It is March 8! That means it is International Women’s Day again. The one day a year, companies and organizations across the world and industries post about female empowerment on social media. The one day a year, you can easily find an article with an inspiring and exceptional woman in a newspaper. It is not unusual to find a webinar with an all-female panel on March 8 (I am sitting in one!). The entertainment on my flight to San Francisco earlier this week even had a temporary movie category for International Women’s Day. What a treat!
You might hear the skepticism through my writing… While it is somewhat surreal that we still need a Women’s Day anno 2023, it is not the source of my sarcastic tone. It is a proverbial eye-roll at the disconnect between what is happening in society and what the day stands for. Sometimes it feels like we are moving in the opposite direction. The attention companies and organizations are giving to the matter on March 8 is not necessarily disingenuous – most companies do care about women and equal opportunities. To some level. For a sizeable amount of companies that level is called marketing. For others, it is called HR/hiring. And then some truly care. It is hard to see the difference sometimes. It is hard to even know the difference. Or what truly caring means. When it comes to the existing gender inequality, the most obvious breaches are called out: discrimination, violence, intimidation, assault, etc. A few big scandals have made those in the population who were lucky enough to never experience any of it themselves or see it in their immediate surroundings, aware. The #metoo movement educated the blissfully unaware amongst us about these issues and we collectively condemned the misconduct. However, the crimes listed above are really the tip of the iceberg. Eliminating them is extremely important, but not enough to get a sliver of equality.
Next on the chopping block to weed out gender inequality is bias. Bias is everywhere. Whoever claims to be free of it needs to do some introspection. Bias is rooted in the stereotypes we grow up with. It is often hiding in plain sight and labeled as culture, tradition, or even humor. It is why little girls hear they are sweet and pretty, and little boys are called strong and energetic. It is why there is usually only a diaper changing table in the women’s public restroom and not in the men’s. Gender bias is not just committed by men towards women, or by everyone towards women. Men are victims of bias as well. Whether it is to be expected to make more money than your wife or to not show your emotions, it is what keeps us in gender roles and fundamentally unequal.
When it comes to bias, the key is awareness. And as much as you or I may feel we are being great allies, we are only at the beginning. Recent research published in Harvard Business Review showed that noticing something isn’t right, seems to be a lot harder than we think. When a woman gets interrupted or spoken over by a man, women notice it 4.6 times more than men do. Even the person him/herself may not notice. I have become slightly more aware (and vocal) about it since spending a lot of time in the more sensitized California (compared to Belgium), but I cringe when I think of everything I let slide as a student, researcher, and young entrepreneur. During a discussion a few weeks ago, I heard a female engineer admit that at first, she thought she hadn’t experienced bias during her career until her husband reminded her of some of the comments she had vented about at home. We get used to the bias because we experience it and see it around us all the time. It is hiding in plain sight.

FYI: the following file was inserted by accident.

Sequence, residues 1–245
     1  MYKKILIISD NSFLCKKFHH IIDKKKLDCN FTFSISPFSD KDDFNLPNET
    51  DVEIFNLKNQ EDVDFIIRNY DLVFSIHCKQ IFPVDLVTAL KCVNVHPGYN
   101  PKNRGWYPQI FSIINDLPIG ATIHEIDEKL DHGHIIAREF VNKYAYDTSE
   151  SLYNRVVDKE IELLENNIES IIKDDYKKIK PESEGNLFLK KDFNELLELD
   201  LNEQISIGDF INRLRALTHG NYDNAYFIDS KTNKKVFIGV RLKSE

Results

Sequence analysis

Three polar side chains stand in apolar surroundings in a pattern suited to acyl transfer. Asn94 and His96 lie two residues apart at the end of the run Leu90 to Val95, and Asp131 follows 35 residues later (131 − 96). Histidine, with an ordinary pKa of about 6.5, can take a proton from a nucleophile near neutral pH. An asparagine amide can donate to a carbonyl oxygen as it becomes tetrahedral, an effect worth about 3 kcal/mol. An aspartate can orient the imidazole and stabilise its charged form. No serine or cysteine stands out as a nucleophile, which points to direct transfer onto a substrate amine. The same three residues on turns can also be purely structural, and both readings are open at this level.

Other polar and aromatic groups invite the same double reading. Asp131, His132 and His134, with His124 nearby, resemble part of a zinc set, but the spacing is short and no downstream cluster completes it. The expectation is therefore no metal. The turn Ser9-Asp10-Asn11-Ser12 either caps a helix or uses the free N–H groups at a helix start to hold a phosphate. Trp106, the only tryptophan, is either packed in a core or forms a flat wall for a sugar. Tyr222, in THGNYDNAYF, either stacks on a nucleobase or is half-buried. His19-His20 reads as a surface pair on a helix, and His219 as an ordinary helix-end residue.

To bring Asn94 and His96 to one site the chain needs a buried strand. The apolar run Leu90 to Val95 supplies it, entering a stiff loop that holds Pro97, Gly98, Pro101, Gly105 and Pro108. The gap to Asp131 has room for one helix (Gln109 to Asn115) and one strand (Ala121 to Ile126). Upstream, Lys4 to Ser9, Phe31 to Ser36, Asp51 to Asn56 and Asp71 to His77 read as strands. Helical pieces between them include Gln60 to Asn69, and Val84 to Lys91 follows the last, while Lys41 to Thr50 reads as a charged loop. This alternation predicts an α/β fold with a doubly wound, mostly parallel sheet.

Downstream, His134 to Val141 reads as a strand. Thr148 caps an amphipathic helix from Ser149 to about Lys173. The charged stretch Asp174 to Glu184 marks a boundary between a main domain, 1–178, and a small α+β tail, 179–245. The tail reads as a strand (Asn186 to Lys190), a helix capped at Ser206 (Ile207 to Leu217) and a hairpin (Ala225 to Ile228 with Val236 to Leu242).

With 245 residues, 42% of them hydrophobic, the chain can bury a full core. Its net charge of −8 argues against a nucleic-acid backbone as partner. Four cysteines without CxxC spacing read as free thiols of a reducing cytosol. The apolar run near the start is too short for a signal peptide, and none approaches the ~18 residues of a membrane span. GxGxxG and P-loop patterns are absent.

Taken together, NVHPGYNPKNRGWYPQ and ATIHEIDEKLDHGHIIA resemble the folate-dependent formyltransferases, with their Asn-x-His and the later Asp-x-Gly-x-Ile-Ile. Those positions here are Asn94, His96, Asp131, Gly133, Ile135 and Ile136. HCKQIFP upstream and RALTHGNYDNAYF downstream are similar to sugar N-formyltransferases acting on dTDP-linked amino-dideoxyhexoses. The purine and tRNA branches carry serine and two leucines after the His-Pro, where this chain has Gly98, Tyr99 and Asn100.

If we’re not noticing it, is it really a problem? Can’t we just let it slide? The thing is, we can’t. Because as much as it is going on underneath or on the surface, it slowly builds up in the background. Like a bucket of water being filled, drop by drop, until it overflows. Bias is one of the main reasons women miss promotions. In tech 39% of women reported gender bias as the reason to question their career prospects. Women quit a career in tech at a 46% higher rate than men. Everyone struggling to find work-life balance is also fighting the bias wave in a way. Bias can feel like hearing the same joke again and again. The first few times (years) you ignore it, but when it happens over and over, it starts irritating you until you can’t stand it anymore.
So on this International Women’s Day, I would like to say: Please don’t send me messages today (or any other day) to tell me you think female empowerment is great. Or that women are great and we need women. (Believe me, I get a lot of messages like that). As well-intended as they may be, those messages don’t help me or anyone else – except for maybe how the people sending them feel about themselves and their contribution to ‘support’ women. Last year, I wrote about how I was getting tired myself of dealing with bias and harassment, and how I understood why women left tech/the workforce. This year, I can confirm that I am still here – dealing with it. And doing my part in helping others to deal with it. But what I would really like, is not to have to deal with bias anymore… Not by next International Women’s Day, but as soon as possible. I know that is a tall order… A difficult request. But what can I say – I am a businesswoman. (And gender bias tells me that means I am demanding and difficult ;).)